Dystocia – trouble giving birth or being born.
E
Eid – the annual celebration of Islam. The Muslim calendar contains two major Eids.
Elastrator – method for applying strong rubber bands (elastrator rings/bands) to the tail and scrotum.
Castration and docking.
Embryo – an animal in the early stage of pre-birth development.
Embryo Transfer (ET) – implantation into a surrogate mother of embryos or fertilised eggs.
Epididymitis – a thin tube that gathers sperm after leaving the testis.
Estrogen – an ovary-generated female sex hormone. In command of the course of estrus.
Estrus – the cycle of fertility and receptivity of the female to the male. That’s also called heat.
Estrus Cycle – the female’s menstrual cycle.
Ewe – Sheep Girl
Extra mark – the use of a medicine in a way for which it has not been labelled. Only veterinarians may prescribe or use
Extra medications and names.
F
FAMACHA© – a parasite management regime to control and treat small-scale Haemonchus contoritus
Yeah. Ruminants. To estimate the degree of anaemia in livestock, use an eye colour map.
Fat-soluble vitamins – vitamins which dissolve, in addition to water, in liquid fat or fatty oils. They’re including
A, D, E and K vitamins. They are produced in the rumen.
Fatten – slaughter feed. Make yourself fleshy or plump.
Count of faecal eggs (FEC) – the amount of worm eggs per gramme of faeces. Often known as EPG (eggs per gram).
Feedlot – an environment where lambs are confined and carefully mixed and fed to fatten them with high-concentrate feed.
Fertilizer – any of a wide variety of natural and synthetic products, including nitrogen and manure,
In order to improve its fertility, phosphorus and potassium compounds have dispersed or worked into the soil.
Five Point Check© – an extension of the framework of FAMACHA©, a decision-making method that enables farmers to make decisions
For all of the parasites that usually affect small ruminants, make deworming decisions. Includes 5 checks
Points on the body of the animal: eye, jaw, nose, back and tail.
Fleece – the wool of a single sheep in the state of shorn grease.
Flerd – a party of sheep and cattle mixed together.
Fodder – the crops grown for the feeding of animals.
Follicle Stimulating Hormone (FSH) is a pituitary gland hormone that stimulates development.
Of the ovary follicles.
Foot bath – the chemical and water mixture used for the prevention and/or treatment of foot rot in which sheep stand.
And a scalding foot.
Footrot – infectious sheep disease caused by particular bacteria
Forage – grasses, small shrubs and other plant materials that can be used as livestock feed. Edible parts of the
Oh. Trees.
Forb – herbaceous broadleafed plant (e.g., dandelion).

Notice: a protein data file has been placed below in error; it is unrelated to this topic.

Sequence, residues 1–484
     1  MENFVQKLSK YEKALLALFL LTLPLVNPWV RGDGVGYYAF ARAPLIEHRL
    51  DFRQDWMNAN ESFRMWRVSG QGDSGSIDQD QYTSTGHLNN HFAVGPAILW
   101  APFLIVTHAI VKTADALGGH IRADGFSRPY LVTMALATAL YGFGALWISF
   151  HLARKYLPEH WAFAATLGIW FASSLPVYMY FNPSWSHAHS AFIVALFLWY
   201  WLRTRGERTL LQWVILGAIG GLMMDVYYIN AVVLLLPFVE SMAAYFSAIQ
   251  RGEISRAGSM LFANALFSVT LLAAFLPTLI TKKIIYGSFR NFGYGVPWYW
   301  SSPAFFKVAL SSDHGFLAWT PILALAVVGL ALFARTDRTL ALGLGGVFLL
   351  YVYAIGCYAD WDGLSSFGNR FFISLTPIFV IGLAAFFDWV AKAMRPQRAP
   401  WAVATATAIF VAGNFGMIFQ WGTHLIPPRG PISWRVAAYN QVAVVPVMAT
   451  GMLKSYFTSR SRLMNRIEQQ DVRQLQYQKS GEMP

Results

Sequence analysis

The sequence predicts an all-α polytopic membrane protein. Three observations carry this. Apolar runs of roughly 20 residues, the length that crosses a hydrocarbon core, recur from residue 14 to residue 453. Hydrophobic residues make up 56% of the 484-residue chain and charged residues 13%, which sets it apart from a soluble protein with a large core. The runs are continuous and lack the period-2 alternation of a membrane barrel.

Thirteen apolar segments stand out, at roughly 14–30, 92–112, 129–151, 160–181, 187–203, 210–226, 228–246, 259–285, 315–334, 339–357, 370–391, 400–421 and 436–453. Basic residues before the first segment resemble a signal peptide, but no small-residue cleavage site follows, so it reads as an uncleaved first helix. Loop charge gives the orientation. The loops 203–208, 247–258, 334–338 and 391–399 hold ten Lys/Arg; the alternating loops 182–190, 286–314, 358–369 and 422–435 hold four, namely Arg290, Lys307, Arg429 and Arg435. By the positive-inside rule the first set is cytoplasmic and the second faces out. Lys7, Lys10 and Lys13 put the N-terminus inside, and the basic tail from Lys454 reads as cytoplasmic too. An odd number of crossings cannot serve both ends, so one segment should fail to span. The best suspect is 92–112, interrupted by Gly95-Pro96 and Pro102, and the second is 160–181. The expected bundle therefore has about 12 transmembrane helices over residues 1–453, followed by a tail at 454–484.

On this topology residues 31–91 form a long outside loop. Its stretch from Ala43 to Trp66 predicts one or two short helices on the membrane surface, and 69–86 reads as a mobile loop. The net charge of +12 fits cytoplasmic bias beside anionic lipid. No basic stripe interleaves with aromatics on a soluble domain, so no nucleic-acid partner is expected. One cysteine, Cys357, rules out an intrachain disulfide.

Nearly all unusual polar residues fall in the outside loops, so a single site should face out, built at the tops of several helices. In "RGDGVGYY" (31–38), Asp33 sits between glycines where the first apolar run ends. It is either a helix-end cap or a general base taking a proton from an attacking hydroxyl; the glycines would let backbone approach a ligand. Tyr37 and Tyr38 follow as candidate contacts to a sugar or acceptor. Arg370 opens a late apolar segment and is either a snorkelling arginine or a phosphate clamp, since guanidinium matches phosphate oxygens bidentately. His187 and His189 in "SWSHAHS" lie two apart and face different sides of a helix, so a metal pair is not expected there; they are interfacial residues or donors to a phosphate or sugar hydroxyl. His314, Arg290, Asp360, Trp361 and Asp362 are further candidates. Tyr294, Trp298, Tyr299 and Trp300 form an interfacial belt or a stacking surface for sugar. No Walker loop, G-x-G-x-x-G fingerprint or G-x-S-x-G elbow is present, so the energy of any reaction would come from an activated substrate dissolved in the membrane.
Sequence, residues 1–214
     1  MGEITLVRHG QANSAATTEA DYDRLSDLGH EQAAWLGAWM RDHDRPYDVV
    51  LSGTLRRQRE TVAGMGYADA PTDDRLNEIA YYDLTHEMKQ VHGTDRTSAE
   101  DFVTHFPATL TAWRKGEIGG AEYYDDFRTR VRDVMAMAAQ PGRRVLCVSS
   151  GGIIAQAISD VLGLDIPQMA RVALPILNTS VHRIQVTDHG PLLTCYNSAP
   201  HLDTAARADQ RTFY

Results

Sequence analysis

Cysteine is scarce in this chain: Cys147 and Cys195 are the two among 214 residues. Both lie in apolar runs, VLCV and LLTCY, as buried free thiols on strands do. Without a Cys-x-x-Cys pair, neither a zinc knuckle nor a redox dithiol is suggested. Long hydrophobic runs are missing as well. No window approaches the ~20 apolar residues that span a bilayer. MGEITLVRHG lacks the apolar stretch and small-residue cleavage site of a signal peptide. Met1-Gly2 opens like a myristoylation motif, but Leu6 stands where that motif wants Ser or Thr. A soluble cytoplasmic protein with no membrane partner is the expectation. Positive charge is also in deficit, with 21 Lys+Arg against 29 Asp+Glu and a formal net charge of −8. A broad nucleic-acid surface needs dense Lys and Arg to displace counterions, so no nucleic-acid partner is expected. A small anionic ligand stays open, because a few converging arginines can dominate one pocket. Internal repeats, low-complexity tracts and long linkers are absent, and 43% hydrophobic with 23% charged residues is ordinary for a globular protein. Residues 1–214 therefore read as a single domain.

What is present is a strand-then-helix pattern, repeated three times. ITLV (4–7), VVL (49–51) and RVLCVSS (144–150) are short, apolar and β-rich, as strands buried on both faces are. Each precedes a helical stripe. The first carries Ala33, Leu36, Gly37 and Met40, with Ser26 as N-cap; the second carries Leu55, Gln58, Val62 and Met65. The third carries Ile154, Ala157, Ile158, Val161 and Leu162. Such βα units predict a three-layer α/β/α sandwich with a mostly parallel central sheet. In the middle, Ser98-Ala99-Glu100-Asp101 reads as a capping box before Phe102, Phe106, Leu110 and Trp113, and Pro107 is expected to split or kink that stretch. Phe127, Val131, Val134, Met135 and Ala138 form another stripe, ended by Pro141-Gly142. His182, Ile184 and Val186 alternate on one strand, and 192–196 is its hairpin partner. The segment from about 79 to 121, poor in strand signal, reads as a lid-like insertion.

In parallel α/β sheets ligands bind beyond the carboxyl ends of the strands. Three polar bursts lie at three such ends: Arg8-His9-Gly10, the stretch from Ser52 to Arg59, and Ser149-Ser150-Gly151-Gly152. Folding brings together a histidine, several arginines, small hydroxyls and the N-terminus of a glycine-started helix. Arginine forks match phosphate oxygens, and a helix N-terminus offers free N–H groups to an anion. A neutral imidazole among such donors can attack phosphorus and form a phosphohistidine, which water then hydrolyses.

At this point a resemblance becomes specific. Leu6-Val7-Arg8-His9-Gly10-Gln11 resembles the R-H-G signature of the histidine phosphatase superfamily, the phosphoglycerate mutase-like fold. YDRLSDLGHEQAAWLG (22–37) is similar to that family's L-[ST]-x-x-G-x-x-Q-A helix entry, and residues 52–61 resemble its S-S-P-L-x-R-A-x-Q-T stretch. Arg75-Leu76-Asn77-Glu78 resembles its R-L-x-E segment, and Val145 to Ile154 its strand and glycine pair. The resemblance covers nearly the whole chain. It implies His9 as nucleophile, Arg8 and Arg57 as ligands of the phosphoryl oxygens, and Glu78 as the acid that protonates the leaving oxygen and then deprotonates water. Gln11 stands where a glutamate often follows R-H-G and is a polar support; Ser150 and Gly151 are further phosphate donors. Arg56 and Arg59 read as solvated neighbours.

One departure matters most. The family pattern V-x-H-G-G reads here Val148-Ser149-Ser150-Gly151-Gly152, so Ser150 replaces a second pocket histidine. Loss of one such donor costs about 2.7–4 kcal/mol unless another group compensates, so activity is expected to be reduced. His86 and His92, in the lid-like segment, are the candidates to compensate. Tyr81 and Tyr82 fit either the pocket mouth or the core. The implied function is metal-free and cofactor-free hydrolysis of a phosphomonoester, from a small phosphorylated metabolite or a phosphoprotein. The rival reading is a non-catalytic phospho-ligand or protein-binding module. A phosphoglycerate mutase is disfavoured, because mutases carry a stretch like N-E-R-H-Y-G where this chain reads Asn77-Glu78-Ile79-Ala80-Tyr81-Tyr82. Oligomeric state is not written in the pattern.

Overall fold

Forward grazing – when entry to a paddock is given to one group of animals ahead of another group.
G
Genotype – an individual’s genetic constitution.
Gestation – Pregnancy duration.
Gimmer – female sheep over the age of one year.
Grade (n) – consistency measure. For live animals, meat, and wool, there are grades.
Graft – for a lamb to be moved to a ewe that is not its mother.
Grain is a component of the seed of cereal crops such as maize, oats, barley and wheat.
Grass – a group of plants with narrow parallel-veined leaves, small flowers and essentially hollow stems
With joints where it attaches the leaves.
Grass-based – whether the animal’s life or diet plays an important part in pasture or grassland.
Freshly cut forage fed to livestock – Green chop.
Land water – water that does not run away and is not drained by plants, but is soaked into an aquifer;
The supply of fresh water that forms a natural reservoir under the surface of the earth. It is widely used for drinking.
Gummer – a sheep that is so old that it has lost all its teeth.
H
Haemonchosis – infestation or disease caused by the Haemonchus nematode (esp. H. contortus)
Halal – a set of Islamic dietary laws that govern food preparation.
Hand spinner – a person who spins wool by hand (twists fibres into yarn).
Hay – mowed and cured grass for use as fodder.
Haylage – Silage Grass
Heat – oestrus. The time when the female is fertile and the male is receptive.
Place of heavy use – an outdoor area where livestock is mainly assisted by imported feed.
Hectare – a metric area unit equal to 10,000 square metres, or 2,471 acres.
Heterosis – an improvement in hybrid efficiency over that of purebreds, most notably in characteristics such as
Survivability and fertility.
Heritability – the degree to which our genetic structure affects a trait.
For a yearling sheep that has not yet been shorn, Hogget – a British term.
Hoop house – a building used for housing livestock with an arched metal frame and a cloth roof.
Hormone is a drug that one part of the body creates but affects another part of the body.
Hull – a dry fruit, seed, or nut outer cover.
Hybrid vigour – an improvement in hybrid efficiency over that of purebreds, most notably in characteristics such as
Survivability and fertility.
Hypothermia – a disorder in which low body temperature is described.